What started as a required service learning trip for an ethics course turned into summer volunteer work for five students from Anoka-Ramsey Community College. After visiting the Homestead for the first time as part of a class trip earlier this spring, some students were eager to return to work again, despite the semester being over.

summer-service-learning-98 M2Choosing to spend a week doing physical labor, without electronic conveniences or air-conditioning, might seem like an unusual choice, but the students didn’t seem to mind. They cheerfully spent their time at the Homestead hauling and stacking hay bales, collecting pallets of stone for mason work, clearing away dead brush, and tending to garden beds. When asked why she took the opportunity to return, Katie Steffensen replied, “I like to live a simple life.” Tom Pier expressed getting satisfaction from the work, saying that it’s better than spending the time sitting at home and never seeming to get anything done. One thing Katie, Tom, and their peers all have in common is a love of the wilderness, which was one of the main reasons they were drawn to return to the Homestead when given the chance.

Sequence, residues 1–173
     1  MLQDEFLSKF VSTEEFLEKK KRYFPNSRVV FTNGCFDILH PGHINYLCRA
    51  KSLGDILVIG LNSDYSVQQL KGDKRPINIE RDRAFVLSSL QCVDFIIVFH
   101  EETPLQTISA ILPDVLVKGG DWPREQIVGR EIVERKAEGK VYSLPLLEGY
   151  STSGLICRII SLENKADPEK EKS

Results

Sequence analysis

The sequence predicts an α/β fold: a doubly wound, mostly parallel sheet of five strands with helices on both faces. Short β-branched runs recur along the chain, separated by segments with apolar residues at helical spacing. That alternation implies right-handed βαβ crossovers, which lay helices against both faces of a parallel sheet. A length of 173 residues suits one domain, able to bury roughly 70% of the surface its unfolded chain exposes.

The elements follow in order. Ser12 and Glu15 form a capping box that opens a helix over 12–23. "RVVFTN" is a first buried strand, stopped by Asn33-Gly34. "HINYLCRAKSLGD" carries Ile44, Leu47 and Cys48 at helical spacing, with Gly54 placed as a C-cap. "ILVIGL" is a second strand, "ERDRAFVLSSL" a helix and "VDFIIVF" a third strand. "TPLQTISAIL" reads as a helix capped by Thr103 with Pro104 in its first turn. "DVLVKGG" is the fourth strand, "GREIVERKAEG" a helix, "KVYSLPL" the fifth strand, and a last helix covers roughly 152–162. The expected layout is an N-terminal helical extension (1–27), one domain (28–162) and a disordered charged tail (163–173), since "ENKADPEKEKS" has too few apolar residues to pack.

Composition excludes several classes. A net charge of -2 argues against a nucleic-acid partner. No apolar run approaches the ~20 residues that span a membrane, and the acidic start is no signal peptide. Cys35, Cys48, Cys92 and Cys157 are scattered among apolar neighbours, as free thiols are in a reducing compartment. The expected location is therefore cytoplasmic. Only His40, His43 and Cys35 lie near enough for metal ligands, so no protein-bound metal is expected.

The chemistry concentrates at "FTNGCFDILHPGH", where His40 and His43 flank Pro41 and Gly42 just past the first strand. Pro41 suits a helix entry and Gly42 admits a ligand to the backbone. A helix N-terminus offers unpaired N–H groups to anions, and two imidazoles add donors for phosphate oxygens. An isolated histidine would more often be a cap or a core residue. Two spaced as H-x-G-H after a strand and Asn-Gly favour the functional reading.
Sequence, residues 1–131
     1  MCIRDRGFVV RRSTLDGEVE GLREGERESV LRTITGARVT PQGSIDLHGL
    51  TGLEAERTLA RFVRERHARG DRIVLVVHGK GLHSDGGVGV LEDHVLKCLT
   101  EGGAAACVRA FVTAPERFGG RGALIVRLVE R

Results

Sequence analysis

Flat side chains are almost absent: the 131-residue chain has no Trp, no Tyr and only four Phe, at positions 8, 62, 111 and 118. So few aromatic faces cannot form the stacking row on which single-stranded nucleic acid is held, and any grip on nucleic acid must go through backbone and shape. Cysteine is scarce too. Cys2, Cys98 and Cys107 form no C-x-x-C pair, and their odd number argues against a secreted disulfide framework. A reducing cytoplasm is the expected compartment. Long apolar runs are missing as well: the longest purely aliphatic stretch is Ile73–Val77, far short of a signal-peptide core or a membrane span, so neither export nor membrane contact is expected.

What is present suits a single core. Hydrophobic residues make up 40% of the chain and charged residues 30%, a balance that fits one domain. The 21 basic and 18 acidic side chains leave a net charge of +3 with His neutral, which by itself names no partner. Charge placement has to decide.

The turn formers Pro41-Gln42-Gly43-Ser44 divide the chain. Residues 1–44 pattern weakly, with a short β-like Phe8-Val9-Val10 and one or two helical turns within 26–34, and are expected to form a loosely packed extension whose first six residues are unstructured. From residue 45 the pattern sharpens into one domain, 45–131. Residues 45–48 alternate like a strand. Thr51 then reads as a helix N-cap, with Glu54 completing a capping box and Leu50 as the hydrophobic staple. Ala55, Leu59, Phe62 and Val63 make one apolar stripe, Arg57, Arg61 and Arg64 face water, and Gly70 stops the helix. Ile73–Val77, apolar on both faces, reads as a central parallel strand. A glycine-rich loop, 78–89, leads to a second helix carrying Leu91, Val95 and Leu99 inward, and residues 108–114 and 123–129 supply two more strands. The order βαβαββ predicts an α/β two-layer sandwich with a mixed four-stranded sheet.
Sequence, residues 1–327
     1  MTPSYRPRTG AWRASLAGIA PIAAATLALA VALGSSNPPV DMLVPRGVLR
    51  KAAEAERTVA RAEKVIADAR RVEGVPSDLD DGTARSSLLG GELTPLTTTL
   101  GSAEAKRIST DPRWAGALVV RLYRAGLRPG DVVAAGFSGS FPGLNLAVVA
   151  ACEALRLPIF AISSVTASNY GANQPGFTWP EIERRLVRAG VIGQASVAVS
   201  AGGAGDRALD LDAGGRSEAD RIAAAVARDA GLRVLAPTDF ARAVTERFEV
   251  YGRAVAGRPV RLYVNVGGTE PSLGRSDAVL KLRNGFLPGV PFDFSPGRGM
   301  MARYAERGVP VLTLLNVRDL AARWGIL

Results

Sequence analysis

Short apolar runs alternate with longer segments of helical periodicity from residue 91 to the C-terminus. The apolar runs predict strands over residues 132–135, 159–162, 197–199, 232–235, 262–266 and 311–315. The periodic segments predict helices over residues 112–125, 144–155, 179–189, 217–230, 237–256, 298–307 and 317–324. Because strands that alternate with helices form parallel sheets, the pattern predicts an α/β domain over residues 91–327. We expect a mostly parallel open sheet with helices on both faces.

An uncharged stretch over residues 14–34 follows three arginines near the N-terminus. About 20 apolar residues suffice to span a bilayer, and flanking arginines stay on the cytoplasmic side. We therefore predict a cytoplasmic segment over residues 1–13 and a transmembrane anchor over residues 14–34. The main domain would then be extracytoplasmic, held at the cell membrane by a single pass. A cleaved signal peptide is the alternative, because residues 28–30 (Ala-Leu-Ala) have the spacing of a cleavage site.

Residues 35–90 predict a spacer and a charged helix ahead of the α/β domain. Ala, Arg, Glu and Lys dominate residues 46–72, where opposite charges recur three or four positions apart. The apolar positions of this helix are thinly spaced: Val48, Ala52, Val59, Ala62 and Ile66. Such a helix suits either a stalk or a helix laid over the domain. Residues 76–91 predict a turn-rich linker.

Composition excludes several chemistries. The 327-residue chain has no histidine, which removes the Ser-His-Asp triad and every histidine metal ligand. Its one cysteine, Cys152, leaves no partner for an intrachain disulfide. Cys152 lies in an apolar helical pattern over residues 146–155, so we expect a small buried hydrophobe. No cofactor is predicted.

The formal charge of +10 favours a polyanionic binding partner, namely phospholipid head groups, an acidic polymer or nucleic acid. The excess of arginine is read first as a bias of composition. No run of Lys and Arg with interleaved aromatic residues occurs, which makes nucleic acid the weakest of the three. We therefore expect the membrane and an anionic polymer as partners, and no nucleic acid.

It’s thanks to Humanities instructor Peter Wahlstrom that these and dozens of other students have had the opportunity to experience life on the Homestead. For more than four years, Wahlstrom has been bringing students from his Environmental Ethics classes to do volunteer work on the Homestead for class credit, as well as students from the e-Club, the campus environmental group.  In doing this, Wahlstrom hopes to help students develop a deeper connection with nature, and a sense of work for the sake of work. He also believes it’s important for them to have the chance to meet someone like Will Steger, who’s actively working to actualize his dream. “It all comes down to one word,” said Wahlstrom, “weltanschauung.” Wahlstrom describes the German word as loosely meaning ‘one’s philosophy, or worldview.’ He believes that by spending time in a place like the Homestead, students will leave with a new way of looking at not just the environment, but the world as well, and the confidence to pursue their own ambitions for the future.

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